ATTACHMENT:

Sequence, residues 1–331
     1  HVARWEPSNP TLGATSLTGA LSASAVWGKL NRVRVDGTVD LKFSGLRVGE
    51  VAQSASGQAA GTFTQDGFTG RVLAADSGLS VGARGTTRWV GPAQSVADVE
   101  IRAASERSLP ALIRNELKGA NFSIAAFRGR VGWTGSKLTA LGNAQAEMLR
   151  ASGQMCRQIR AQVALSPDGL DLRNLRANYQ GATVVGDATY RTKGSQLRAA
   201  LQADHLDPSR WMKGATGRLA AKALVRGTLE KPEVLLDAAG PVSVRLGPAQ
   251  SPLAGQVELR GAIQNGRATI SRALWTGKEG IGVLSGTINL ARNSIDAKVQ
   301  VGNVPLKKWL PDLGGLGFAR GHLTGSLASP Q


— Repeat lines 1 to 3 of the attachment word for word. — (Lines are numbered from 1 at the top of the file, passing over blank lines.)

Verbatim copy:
Sequence, residues 1–331
     1  HVARWEPSNP TLGATSLTGA LSASAVWGKL NRVRVDGTVD LKFSGLRVGE
    51  VAQSASGQAA GTFTQDGFTG RVLAADSGLS VGARGTTRWV GPAQSVADVE